Text contained on the images or in the Library of Congress descriptions was included for the images in Albums 5 & 6.
Patented Apr. 3, 1928 1,664,436
United States Patent Office
Beatrice S. Tonnesen, of Chicago Illinois
This invention relates to flower holders. It is customary in connection with rose bowls and the like to place in the bowl a perforated block into which the stems of the flowers may be inserted for support. This arrangement while suited for short stemmed flowers is not adapted for long stemmed ones.
It is an object, therefore, of the present 10 invention to provide a holder or support for long stemmed flowers.
Other and further important objects of this invention will be apparent from the disclosures in the accompanying drawings and the following specification.
The invention (in a preferred form) is illustrated on the drawings and hereinafter more fully described.
On the drawings: –
The twelve images offered are in the small print of the graphic. They are: Grandma’s Tea, The Waif, The Rose, Husking Time, Reflection, Bubbles, Easter Tide, The New Baby, Our Pet, Old Harpist’s Treasure, Baccante, and Delores.
For Trenton Times Readers
Great Offer for Old and New Subscribers Magnificent Art Collection Free, DELIVERY CHARGES ONLY COST Three Months’ Subscription to the Times and Twelve Tonnesen Pictures for a Dollar. Sample of the Pictures on Display Magnificent Works of Art.
The management of the Trenton Times believes that nothing is too good for its patrons.
An evidence of this is an offer which is now made to new and old subscribers. It is an offer unparalleled in the local field and an offer in which every one will be interested.
The offer is that of a set of twelve reproductions of the famous Tonnesen art pictures for the unheard of price of twenty-five cents and three months’ subscription to the Times at the usual rate.
In other words, on the payment of $1 the pictures will be delivered free at once and the purchaser becomes a subscriber to the Times for three months.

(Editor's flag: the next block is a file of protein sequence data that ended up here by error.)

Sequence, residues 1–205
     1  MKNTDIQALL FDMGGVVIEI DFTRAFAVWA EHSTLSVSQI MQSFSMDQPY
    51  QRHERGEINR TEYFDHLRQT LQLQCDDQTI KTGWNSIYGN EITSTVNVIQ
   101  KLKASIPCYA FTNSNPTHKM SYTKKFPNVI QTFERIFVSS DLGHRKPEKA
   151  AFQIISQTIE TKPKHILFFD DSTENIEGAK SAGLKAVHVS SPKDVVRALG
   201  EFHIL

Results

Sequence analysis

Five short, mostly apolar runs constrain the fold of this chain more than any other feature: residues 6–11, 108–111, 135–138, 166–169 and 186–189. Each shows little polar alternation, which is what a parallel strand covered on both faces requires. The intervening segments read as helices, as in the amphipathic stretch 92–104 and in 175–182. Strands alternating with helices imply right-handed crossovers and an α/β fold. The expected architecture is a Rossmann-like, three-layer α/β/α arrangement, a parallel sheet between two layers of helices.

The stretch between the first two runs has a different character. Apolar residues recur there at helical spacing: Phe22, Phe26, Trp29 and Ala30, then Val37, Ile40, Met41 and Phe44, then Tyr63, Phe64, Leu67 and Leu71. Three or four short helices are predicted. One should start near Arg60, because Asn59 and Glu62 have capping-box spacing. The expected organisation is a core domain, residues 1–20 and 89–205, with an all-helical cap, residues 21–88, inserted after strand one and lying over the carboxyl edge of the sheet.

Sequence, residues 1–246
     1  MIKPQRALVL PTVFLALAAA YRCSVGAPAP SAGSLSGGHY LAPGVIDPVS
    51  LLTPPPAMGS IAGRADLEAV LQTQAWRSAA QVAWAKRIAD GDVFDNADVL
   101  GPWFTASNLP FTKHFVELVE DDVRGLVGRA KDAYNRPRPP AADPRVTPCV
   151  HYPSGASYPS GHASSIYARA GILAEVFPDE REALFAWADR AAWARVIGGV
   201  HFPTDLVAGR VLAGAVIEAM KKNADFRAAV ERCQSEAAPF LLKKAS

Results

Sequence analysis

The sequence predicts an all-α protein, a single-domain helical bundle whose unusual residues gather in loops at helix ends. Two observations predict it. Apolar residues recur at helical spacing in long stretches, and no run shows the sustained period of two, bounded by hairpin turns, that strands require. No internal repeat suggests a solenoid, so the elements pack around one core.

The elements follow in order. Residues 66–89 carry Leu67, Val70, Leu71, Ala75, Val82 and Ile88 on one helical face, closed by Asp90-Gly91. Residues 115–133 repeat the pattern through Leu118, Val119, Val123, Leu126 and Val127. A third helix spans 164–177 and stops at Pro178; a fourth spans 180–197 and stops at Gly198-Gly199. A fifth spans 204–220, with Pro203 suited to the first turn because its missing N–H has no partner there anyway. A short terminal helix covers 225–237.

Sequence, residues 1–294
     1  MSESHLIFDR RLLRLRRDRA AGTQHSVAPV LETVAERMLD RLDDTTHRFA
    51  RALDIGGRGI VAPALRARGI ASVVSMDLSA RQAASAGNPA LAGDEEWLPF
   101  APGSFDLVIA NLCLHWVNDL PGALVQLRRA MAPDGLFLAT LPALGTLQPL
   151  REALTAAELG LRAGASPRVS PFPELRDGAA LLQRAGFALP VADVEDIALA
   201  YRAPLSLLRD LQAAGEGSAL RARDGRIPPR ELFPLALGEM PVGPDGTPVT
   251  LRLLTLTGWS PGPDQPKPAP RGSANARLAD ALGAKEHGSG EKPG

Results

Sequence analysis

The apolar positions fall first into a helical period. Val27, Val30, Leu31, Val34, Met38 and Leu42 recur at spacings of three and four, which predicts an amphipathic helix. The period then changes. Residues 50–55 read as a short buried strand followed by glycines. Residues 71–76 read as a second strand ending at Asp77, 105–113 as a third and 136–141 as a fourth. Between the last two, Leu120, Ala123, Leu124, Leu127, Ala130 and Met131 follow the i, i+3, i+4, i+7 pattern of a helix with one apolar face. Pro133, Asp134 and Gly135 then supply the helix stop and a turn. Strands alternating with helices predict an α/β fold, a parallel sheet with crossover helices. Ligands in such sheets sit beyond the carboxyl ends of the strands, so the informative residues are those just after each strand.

FOR NEW AND OLD SUBSCRIBERS
Persons who are now subscribers may pay the dollar and secure the pictures as well as extending their subscription three months ahead.
The regular price of the Times is twenty-five cents a month, or seventy-five cents for three months. The additional twenty-five cents is for the packing and delivering of the pictures, the pictures themselves being given absolutely free.
Following is a reprint of an article in the Oshkosh Daily Northwestern from Wednesday, September 29, 1954. The image of The Famous Tonnesen Models is from an advertisement in the 1903 issue of Profitable Advertising. Admittedly it is of poor quality. I am looking for an original to properly reproduce for a Zoomify image.
Beatrice Tonnesen Introduced New Trend In 1890 Advertising
Photographer, Oshkosh-Trained, Wins World Renown
Author Turner says that in the pages of “Advertising Experience”, published in Chicago in 1899, “There were captivating advertisements by Beatrice Tonnesen of Chicago who pioneered the use of live models in advertising. She offered for photographic purpose an unlimited range of beautiful and fascinating women, handsome men and pretty, bewitching children.' ” The author points out that one of her fascinating women was shown, dressed only in a skin-clinging union suit, tugging at the grips of an exerciser. But, he says, “More conventional were Beatrice Tonnesen’s pictures of dining cars on the Chicago, Burlington and Quincy Railroad, in which all the tables were occupied by Tonnesen models, looking no less poised and well-bred than the young women who are photographed in stratocruisers today.”
To all whom it may concern;
Be it known that I, Beatrice Tonnesen (full name), a citizen of the United States and a resident of the city of Chicago, in the county of Cook and State of Illinois, have invented certain new and useful Improvements in a Portable Combination Sewing Table and Cabinet; and I hereby declare that the following is a full, clear, and exact description of the same, reference being had to the accompanying drawings, and to the numerals of reference marked thereon, which form a part of this specification.
This invention relates to a portable combination sewing table and cabinet, and it is an object of this invention to provide such a structure which can be readily rolled or moved to different parts of a room as occasion requires. It is a further object of this invention to provide such a structure with drawers and article holding compartments.
With these and other objects in view which will become more apparent in the following description and disclosures the invention comprises the novel structure and combinations hereinafter described and more particularly pointed out and defined in the appended claim.
Get the full text of the legal description in PDF format here.